Today, January 12th, marks the five year anniversary of the devastating earthquake that struck Haiti in 2010. On this solemn day, all of us at the Colorado Haiti Project (CHP) are pausing to remember those who lost their lives in this tragedy. We also are taking this opportunity to strengthen our resolve and commitment to help the people of Haiti, and stand in solidarity, hope, and comfort with those who today continue the long path to recovery.
We were fortunate that the community of Petit Trou de Nippes and its surrounding communes were not hit as hard in the earthquake as other parts of Haiti. Although this was a relief for us and our partners, we immediately switched gears to respond to and help people that were impacted by the earthquake. With the trust of the local population through our long standing 20 year history with our Haitian partners, we were able to mobilize a tailored response to meet the specific needs of Petit Trou, as well as others impacted by the earthquake. Rapid response from CHP included:
1) We immediately repurposed medical supplies that had already been gathered for a medical mission, and delivered them to a board member, Dr. Jim Smith, who was in Port Au Prince at the time. Dr. Jim was able to redirect these critical supplies to doctors who flew in from around the world to staff medical posts, as well as support in-coming medical teams from a number of relief organizations.
2) In addition we provided material support to a medical team, led by current board member Erin Snyder, into the devastated neighborhood of Cris Roi in Port au Prince. Erin had previously lived and worked at Hospice St. Joseph in Cris Roi.
3) CHP representatives Nic Remington, Don Snyder, Dr. Warren Berggren and Paul Casey travelled to Haiti to inspect the St Paul’s campus buildings and other buildings in the region, assess the impact of an influx of refugees from Port au Prince, Leogane and other hard hit areas, and mobilize our network of CHW’s to do a registration of refugees and report on special needs of the community in the aftermath of this tragic event.
4) CHP channeled donated resources to our partner, the Episcopal Diocese of Haiti, to support the delivery of food through the “ti” system of women who sell in the markets. This relief mechanism not only provided life saving food to families devastated by the quake, but injected resources into the local economy.
5) CHP supporters and volunteers donated not only resources, but their time, energy, and expertise through three CHP trips to Haiti immediately following the quake to support relief efforts. On trip included a team of psychologists who provided mental health services, including working with people to use mindful breathing techniques and other personal coping mechanisms for high stress and fatigue. The success of this program was reflected in one man’s comment who said he had gotten the first full night of sleep since the earthquake after taking the program.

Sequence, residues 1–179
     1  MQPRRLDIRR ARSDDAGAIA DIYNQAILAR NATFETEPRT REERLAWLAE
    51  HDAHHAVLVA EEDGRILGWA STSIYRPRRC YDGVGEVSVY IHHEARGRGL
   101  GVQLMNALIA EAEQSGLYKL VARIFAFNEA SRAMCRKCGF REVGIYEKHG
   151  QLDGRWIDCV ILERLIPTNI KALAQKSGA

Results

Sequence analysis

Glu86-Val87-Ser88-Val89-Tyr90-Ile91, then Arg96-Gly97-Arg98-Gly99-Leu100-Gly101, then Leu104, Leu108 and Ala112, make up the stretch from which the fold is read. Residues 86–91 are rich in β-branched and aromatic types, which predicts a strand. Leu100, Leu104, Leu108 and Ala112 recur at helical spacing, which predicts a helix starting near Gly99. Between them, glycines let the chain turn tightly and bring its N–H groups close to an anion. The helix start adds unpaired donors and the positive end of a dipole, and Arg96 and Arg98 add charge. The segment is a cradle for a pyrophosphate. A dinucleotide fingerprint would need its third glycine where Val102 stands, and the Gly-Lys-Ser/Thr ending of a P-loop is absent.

6) As with other rural areas in Haiti, Petit Trou received an influx of displaced people who had lost their homes, family, and friends in the earthquake. CHP used donated resources to support families who took in displaced family and friends so they could add a room to their home, and have sufficient food to feed everyone.
7) CHP also worked with communities to construct 12 new wells in the Petit Trou area to provide safe and clean drinking water to thousands. These wells proved critical in keeping at bay the cholera epidemic that devastated many other parts of Haiti post earthquake, and continue to serve the population today.
Over these past five years CHP programs and resources have been well directed, transparently implemented together with our Haitian partners, and have created sustainable impact. Hand in hand with our Haitian partners we have helped build a resilient and empowered Petit Trou that is not only better prepared to withstand and respond to a disaster, but able to bounce back quickly and even reach out to neighbors to provide a helping hand in their time of need.
Today, through our high impact programs in water and sanitation, agriculture, health, livelihoods, and education we continue to build a more resilient Haiti, and empower our Haitian partners for positive and sustainable change.
We invite you to join us today in a moment of silence and prayer to remember those who lost their lives five years ago, and for those who still struggle today on their path to recovery. And please, we welcome you to join us – and bring a friend – in our continuing journey to work hand-in-hand with our Haitian brothers and sisters to build a more resilient Haiti.
By David Hintch